Apple’s “Exclusive German Partnership” With E-Plus Could Mean Contract-Free and Subsidized iPads Internationally
The iPad in Germany will have data plans from at least three carriers on launch, Cult of Mac has learned.
In a surprise move, Apple isn’t partnering with T-Mobile, the official iPhone carrier, but E-Plus, the country’s third largest mobile operator.
However, not to be left out, T-Mobile is also preparing to offer a low-cost data plan for the iPad.
T-Mobile’s move as well as recent announcements by other European providers illustrates the likelihood that multiple carriers in several countries around the world will offer competing data plans for the iPad, which should drive down monthly data costs and also result in heavily subsidized iPads offered by multiple networks to anyone who is willing to sign a traditional contract.
It may also indicate that month-by-month 3G off-contract will widely be available both in Europe and abroad through Apple’s exclusive iPad 3G partners.
According to our source within T-Mobile, E-Plus and T-Mobile are not equal partners in Germany’s iPad launch. E-Plus is Apple’s “exclusive iPad 3G partner”, while T-Mobile will be countering with at least one “affordable iPad 3G plan” of its own.
What “exclusive partner” means when referring to an unlocked device like the iPad is unknown, but it seems to indicate that E-Plus will offer a similar contract-free, month-by-month 3G data plan as AT&T. In fact, E-Plus already offers such a month-by-month 3G plan for as low as €15 a month through their MEDIONMobile sub-brand.
Why was E-Plus given the Apple nod instead of T-Mobile? In Germany, E-Plus is known as being one of the most flexible mobile providers, offering numerous differently priced contracts and pay-as-you-go options under a large umbrella of distinct sub-brands. In contrast, T-Mobile is a much more rigid provider, known for appealing most to the business market within Germany.
Given those circumstances, E-Plus is uniquely position in Germany to offer month-by-month 3G in a way that T-Mobile is not. Instead, T-Mobile would go a more traditional route: they will offer the iPad 3G at a subsidized price to German customers willing to sign a contract.
T-Mobile would not be the first telecom to plan to subsidize the iPad without a direct partnership: Austrian mobile provider Hutchison Telecom said as early as February they will offer a heavily discounted iPad in exchange for a two year contract.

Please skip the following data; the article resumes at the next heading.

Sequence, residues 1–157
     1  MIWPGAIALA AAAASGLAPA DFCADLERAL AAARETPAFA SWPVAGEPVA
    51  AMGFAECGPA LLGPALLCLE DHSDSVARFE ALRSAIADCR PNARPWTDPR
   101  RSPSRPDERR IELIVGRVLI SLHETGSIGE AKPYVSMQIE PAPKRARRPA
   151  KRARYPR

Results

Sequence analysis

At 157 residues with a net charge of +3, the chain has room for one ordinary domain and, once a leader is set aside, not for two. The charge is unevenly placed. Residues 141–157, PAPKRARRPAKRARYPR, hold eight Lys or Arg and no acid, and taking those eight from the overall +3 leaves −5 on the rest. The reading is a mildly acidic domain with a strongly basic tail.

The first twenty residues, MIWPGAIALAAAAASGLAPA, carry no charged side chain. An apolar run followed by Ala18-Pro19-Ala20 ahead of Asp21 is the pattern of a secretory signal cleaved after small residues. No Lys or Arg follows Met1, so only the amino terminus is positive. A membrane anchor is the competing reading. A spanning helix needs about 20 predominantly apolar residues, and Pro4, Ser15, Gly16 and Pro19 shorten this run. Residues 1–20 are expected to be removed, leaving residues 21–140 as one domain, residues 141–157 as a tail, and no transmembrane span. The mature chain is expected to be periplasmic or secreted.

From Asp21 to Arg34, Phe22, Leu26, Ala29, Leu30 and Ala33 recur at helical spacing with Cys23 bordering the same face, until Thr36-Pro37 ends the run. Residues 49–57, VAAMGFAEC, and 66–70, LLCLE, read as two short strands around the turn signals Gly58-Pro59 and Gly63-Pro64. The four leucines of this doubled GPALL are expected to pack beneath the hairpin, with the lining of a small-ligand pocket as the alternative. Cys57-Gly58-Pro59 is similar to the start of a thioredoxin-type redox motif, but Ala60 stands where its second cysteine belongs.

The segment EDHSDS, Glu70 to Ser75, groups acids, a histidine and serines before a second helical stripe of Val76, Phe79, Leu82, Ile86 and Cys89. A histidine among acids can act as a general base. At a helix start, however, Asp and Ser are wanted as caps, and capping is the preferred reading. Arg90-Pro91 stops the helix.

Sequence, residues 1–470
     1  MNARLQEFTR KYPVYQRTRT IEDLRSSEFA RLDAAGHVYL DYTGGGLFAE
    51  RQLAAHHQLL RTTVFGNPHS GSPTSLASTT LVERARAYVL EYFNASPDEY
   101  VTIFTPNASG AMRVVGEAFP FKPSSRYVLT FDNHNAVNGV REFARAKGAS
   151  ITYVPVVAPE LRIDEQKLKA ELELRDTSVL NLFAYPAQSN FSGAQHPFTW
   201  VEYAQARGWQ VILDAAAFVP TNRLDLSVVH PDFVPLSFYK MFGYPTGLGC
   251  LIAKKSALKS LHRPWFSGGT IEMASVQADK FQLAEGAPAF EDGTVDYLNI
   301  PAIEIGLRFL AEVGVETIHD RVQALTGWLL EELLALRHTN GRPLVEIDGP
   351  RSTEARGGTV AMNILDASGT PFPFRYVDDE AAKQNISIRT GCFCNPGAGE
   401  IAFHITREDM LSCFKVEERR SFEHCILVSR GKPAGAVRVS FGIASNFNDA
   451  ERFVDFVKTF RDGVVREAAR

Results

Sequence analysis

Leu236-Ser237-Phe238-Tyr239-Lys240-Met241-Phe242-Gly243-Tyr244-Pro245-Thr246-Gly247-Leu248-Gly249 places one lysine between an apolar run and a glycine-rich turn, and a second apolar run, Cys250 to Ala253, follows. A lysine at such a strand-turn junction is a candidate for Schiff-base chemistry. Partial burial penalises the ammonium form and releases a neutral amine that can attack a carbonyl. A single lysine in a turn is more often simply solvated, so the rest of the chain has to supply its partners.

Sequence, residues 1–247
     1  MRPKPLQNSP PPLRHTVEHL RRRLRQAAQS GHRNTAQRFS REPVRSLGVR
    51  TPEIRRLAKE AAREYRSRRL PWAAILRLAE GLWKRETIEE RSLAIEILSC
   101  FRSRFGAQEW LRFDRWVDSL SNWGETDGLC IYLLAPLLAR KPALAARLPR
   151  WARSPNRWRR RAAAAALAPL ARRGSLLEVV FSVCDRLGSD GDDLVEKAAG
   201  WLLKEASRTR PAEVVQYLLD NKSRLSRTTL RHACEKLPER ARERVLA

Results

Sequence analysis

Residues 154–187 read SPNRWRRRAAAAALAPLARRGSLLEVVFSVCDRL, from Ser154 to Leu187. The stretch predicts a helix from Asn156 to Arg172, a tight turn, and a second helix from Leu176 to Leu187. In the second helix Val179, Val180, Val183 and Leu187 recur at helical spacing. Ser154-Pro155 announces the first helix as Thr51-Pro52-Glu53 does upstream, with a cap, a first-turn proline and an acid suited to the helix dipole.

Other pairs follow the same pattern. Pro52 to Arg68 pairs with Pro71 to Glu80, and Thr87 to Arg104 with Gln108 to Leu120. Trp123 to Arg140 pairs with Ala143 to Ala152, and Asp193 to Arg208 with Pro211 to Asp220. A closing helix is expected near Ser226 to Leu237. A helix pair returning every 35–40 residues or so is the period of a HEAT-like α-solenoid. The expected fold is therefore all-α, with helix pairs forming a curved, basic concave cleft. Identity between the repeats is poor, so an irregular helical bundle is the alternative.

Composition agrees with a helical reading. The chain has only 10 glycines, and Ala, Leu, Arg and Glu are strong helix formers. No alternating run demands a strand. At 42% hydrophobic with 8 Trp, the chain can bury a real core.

But E-Plus and T-Mobile are not the only providers in Germany planning to offer the iPad. Vodafone has also announced they will be offering the iPad 3G in Germany. The distinction here is that Vodafone, like T-Mobile, is not an “exclusive partner.” We speculate that this means that their plans are to use subsidized iPads to get new customers to sign contracts, where as E-Plus will be the provider the iPad 3G ships with and who will widely offer Apple endorsed month-by-month data plans.
Germany is not the only European country where all of the major mobile providers will be offering the iPad. In the UK, the “big three” — Orange, O2 or Vodafone — have all announced intentions to offer “dedicated tariffs” for iPad 3G customers. It’s worth noting, however, that none of these companies have declared themselves to be Apple’s “exclusive iPad 3G partner”… leaving only mobile provider Three unaccounted for.
This could be a huge shift in the way exclusivity deals and subsidies occur in the mobile space. Providers usually set the terms on how a new mobile device is sold: they agree to offer a mobile device to their subscribers, but the device manufacturer needs to agree to carrier exclusivity, and the customer needs to agree to a two-year contract. They don’t have to compete for customers who want a specific device.
With the iPad, though, Apple would be picking “exclusive partners” based on whether or not they are willing to offer month-by-month 3G to customers who purchase the iPad at full price, while other mobile providers will compete by offering heavily discounted iPads on contract. The end result would be lower prices for everyone through competition.
Can we expect the same thing to occur in the United States that appears to be happening in Europe? It’s not likely, says analyst Michael Gartenberg.
“The problem with the idea of competing plans in the US is the fact that Apple is currently building around GSM technology. That means, at best, the only other carrier besides AT&T who could offer the device would be T-Mobile, and even that would require a different SKU with a different radio as T-Mobile and ATT use different bands for 3G.”
“Bottom line,” Gartenberg explains, “is that unless Apple decides to embrace CDMA which could enable Verizon or Sprint, we’re not likely to see that model happen here anytime soon.”
In Europe, though, Apple may have finally succeeded in breaking the back of ubiquitous carrier lock-ins. Everyone who wants an iPad will be able to afford an iPad on their own terms. Can’t afford to pay full price for an iPad 3G? Sign a contract and a telecom will subsidize it for you. Don’t want to agree to a two year bill? Buy an iPad directly from Apple and get 3G whenever you want from an exclusive partner.
If so, Apple may have turned exclusivity and subsidization in the mobile space completely on its head, at least in Europe. Providing Cupertino’s gambit is a success, could it galvanize them to try and take the same approach to the next-generation iPhone as well?